The Ombudsman’s next Virtual Family Council meeting to support families of long-term care residents will be held on Tuesday, December 29, 2020 from 4:30 pm – 6:00 pm. PEERs (Pennsylvania Empowered Expert Residents) will join this meeting to discuss the COVID-19 pandemic from the long-term care resident’s perspective. PEERs are individuals living in long-term care settings who have been trained to advocate to improve the quality of life in their homes. To attend, email Jay Rotz and use “Virtual Family Council” in the subject line to receive a meeting link and instructions.

During December and January, the Pennsylvania Council on Aging’s (PCoA) Social Isolation Task Force is holding free virtual small-group interactive sessions that are designed to help older adults safeguard their mental, spiritual, and physical health. Now more than ever, these tips and reminders are critically important. These sessions will also give seniors the chance to maximize the positive impact of the council’s interactive “Strengthening Older Lives Online (SOLO)” guide. Sign up for a session here.

The Department of Aging and Pennsylvania Council on Aging have worked on solutions to help older adults meet the many challenges of this pandemic, including social isolation, throughout its duration. These efforts have resulted in the development of resources and partnerships to help older adults connect with loved ones and stay mentally and physically healthy during the COVID-19 pandemic. Aging and its 52 Area Agencies on Aging, covering the commonwealth’s 67 counties, have continued to operate during the pandemic and offer virtual activities, including health and wellness programs. Find your local area Agency on Aging here.

These resources include an online COVID-19 resource guide for older adults, a new health and wellness guide titled “Strengthening Older Lives Online (SOLO)”, and a family support forum called the Virtual Family Council, which holds bi-weekly virtual support meetings for families with loved ones who are living in long-term care facilities. Information about all of these resources can be found on the Department of Aging’s website. More information on the Virtual Family Council can be found here. The SOLO guide can be found here.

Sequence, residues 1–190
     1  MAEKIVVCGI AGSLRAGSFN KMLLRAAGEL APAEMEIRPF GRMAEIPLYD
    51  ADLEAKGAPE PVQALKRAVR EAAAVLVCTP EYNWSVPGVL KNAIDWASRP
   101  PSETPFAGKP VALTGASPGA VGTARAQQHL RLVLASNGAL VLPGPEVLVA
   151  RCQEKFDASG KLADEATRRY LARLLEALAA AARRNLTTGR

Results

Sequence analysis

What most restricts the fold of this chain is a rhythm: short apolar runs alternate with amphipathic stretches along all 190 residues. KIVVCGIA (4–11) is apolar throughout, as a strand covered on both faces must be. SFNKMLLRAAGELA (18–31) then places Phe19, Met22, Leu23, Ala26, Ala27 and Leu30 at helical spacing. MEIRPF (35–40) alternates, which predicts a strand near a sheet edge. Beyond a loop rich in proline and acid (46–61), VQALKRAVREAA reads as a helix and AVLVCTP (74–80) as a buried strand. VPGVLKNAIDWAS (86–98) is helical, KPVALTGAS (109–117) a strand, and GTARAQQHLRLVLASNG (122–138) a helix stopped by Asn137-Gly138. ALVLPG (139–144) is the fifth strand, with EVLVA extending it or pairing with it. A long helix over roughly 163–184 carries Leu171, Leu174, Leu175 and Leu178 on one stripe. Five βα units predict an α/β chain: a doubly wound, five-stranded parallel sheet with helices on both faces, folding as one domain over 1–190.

“Since the start of this pandemic, we have worked diligently to address the needs of older Pennsylvanians, especially those who are at risk of being or who are actually socially isolated. The forced isolation of COVID-19 has intensified this problem. As a result, we have adapted our services to provide support and resources to help Pennsylvania seniors maintain good mental and physical health, and we want to ensure that they are aware of these services, especially during this holiday season,” said Secretary of Aging Robert Torres.     

Mental Health

People who experience feelings of anxiety or depression may experience more distress during the holiday season than during normal times. Given the challenges we are all currently facing, all Pennsylvanians should take extra care to be mindful of their mental health and tend to their overall health and wellness during this time. Check in with yourself, and be honest about how you are feeling with yourself and your support network. If you need someone to talk to or a little extra support, help is available.

DHS’s mental health support and referral helpline, Persevere PA, is available 24/7 and is a free resource that is staffed by skilled and compassionate caseworkers who are available to counsel Pennsylvanians who are struggling with anxiety and other challenging emotions. The helpline caseworkers can refer callers to community-based resources that can further help to meet individual needs. Pennsylvanians can contact Persevere PA at 1-855-284-2494. For TTY, dial 724-631-5600.

If you or someone you love is in crisis, the National Suicide Prevention Lifeline is available by calling 1-800-273-8255. The hotline is staffed 24/7 by trained counselors who can offer free, confidential support. Spanish speakers who need immediate assistance can call 1-888-628-9454. Help can also be accessed through the Crisis Text Line by texting “PA” to 741-741.

A Plain Communities Helpline is also available through WellSpan at Philhaven at 717-989-8661. The Plain Communities Outpatient Clinic provides high quality mental health care that is sensitive to the values of the plain sect community.

The stress and loneliness of this time may also make things harder for those who are currently battling a substance use disorder, but treatment and resources are available to help. The Department of Drug and Alcohol Programs’s Get Help Now helpline can be reached at 1-800-662-HELP.

For more information on the latest guidance on COVID-19, visit this webpage.